In a few months, the entire Geysir area will soon be acquired by the Icelandic state. Fréttablaðið reports.
Located in southwestern Iceland, Geysir is the first geyser known to Europeans, being among Iceland's main tourist attractions. In fact, the word 'geyser' is based on Geysir. Ownership of the area, however, has been in murky waters for the past decades.
Originally owned by a farmer, it was sold to James Craig, a whiskey distiller and future Prime Minister of Ireland in the 1890's. Craig charged visitors an entrance fee, until relinquishing ownership to a friend who dropped the fees. His nephew later inherited the site and sold it to film director Sigurður Jónasson in 1935. Sigurður finally gave the land to the Icelandic state, although the lands surrounding the actual geysers have belonged to private individuals.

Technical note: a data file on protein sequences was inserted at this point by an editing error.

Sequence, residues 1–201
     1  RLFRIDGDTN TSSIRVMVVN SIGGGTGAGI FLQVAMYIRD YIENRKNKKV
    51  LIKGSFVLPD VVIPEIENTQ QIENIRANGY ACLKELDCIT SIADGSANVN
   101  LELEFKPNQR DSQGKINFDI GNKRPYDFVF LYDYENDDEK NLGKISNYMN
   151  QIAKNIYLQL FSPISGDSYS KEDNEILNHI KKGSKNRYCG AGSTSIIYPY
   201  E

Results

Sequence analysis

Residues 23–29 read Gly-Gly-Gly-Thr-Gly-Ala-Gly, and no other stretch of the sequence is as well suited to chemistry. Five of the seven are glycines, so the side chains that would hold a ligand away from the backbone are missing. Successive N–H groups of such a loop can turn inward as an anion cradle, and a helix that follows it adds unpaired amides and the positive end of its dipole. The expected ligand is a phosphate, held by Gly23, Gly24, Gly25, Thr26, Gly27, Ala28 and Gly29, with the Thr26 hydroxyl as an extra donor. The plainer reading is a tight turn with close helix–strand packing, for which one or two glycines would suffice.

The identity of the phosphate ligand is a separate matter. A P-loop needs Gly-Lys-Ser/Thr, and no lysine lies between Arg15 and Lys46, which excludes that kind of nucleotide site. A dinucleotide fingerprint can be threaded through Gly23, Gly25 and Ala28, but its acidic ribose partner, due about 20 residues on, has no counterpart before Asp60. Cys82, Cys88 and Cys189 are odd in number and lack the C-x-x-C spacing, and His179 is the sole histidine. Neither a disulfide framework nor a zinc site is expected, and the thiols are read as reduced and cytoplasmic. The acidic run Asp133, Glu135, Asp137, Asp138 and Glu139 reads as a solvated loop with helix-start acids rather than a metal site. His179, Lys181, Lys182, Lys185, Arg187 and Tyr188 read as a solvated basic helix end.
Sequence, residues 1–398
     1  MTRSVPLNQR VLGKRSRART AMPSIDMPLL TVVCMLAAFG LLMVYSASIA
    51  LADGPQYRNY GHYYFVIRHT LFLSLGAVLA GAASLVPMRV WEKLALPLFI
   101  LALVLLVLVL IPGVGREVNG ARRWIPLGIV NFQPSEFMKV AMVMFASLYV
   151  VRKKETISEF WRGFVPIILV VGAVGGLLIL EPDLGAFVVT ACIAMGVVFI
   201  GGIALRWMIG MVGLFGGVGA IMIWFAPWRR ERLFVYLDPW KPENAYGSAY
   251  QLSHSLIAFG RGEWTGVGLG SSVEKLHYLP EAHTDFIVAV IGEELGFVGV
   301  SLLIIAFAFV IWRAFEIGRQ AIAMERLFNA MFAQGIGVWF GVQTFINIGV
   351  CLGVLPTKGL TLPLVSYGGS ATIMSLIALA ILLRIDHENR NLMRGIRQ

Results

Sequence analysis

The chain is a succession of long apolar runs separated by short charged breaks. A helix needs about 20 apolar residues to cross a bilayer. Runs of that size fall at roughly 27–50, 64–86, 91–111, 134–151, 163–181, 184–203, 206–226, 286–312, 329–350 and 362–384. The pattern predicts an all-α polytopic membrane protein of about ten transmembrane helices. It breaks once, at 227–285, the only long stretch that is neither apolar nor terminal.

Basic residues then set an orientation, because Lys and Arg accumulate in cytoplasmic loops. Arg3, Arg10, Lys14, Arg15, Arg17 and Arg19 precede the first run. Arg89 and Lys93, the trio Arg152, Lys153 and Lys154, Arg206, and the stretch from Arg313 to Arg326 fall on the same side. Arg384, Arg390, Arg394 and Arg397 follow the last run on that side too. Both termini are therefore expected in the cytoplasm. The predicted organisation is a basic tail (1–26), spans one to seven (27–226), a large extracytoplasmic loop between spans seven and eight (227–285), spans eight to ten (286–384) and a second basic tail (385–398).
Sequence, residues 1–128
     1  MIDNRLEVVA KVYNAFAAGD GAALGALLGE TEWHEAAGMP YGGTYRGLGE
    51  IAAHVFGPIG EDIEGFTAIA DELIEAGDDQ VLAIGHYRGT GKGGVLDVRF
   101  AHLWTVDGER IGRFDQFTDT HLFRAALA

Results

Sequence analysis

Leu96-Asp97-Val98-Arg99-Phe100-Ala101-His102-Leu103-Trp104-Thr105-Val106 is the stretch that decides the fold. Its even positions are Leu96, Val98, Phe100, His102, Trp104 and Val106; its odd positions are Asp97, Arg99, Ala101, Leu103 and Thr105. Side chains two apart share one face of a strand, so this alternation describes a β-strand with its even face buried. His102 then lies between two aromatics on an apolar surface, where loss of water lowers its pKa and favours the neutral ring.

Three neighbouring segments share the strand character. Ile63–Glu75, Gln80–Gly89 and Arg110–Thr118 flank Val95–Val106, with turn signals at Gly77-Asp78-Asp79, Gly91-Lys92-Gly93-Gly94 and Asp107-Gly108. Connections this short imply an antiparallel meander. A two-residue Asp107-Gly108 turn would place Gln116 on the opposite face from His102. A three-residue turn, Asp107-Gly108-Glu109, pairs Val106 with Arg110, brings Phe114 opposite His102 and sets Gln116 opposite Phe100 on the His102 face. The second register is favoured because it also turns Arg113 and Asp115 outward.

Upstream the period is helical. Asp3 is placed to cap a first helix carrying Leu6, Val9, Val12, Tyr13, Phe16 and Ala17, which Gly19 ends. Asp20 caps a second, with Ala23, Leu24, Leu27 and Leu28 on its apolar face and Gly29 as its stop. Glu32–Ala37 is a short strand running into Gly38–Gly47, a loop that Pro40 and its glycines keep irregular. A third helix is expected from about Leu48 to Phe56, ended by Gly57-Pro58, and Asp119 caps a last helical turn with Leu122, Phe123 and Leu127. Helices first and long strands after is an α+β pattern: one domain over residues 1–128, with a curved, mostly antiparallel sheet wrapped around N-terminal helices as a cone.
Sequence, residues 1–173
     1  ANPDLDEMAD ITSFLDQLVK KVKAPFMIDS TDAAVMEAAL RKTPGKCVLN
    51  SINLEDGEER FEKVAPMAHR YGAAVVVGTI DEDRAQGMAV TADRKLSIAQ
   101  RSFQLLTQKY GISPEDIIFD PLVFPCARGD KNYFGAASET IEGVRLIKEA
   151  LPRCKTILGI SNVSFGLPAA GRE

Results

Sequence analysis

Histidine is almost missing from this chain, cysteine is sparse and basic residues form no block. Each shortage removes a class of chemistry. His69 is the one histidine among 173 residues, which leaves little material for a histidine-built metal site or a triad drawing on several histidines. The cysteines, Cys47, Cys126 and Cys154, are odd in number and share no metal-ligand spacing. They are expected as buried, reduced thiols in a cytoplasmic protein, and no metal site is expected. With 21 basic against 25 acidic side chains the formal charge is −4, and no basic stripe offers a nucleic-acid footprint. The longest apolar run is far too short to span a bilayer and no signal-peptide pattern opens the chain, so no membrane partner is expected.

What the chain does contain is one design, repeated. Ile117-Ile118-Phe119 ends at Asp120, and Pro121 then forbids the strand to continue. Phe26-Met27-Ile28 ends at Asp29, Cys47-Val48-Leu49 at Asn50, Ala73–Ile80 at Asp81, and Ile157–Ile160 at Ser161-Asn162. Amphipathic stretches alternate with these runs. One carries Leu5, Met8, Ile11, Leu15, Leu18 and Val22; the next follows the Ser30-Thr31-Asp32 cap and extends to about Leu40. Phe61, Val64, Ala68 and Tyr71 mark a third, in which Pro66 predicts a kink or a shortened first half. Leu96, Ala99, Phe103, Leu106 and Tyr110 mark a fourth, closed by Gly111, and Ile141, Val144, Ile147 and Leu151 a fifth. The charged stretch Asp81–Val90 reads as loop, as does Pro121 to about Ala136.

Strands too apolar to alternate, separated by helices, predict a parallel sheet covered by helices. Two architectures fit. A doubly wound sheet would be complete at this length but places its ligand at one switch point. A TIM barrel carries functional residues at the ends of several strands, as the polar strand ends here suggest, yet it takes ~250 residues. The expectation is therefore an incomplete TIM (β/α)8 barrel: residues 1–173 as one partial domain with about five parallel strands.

A year ago, it was finally decided that the state would acquire the entire area after current land owners attempted in vain to set up an entrance fee for visitors once again. According to said owners, they were forced to sell the lands under threat of expropriation.
An assessment committee has been hard at work ever since, ready to present its results no later than October this year, according to its chairman.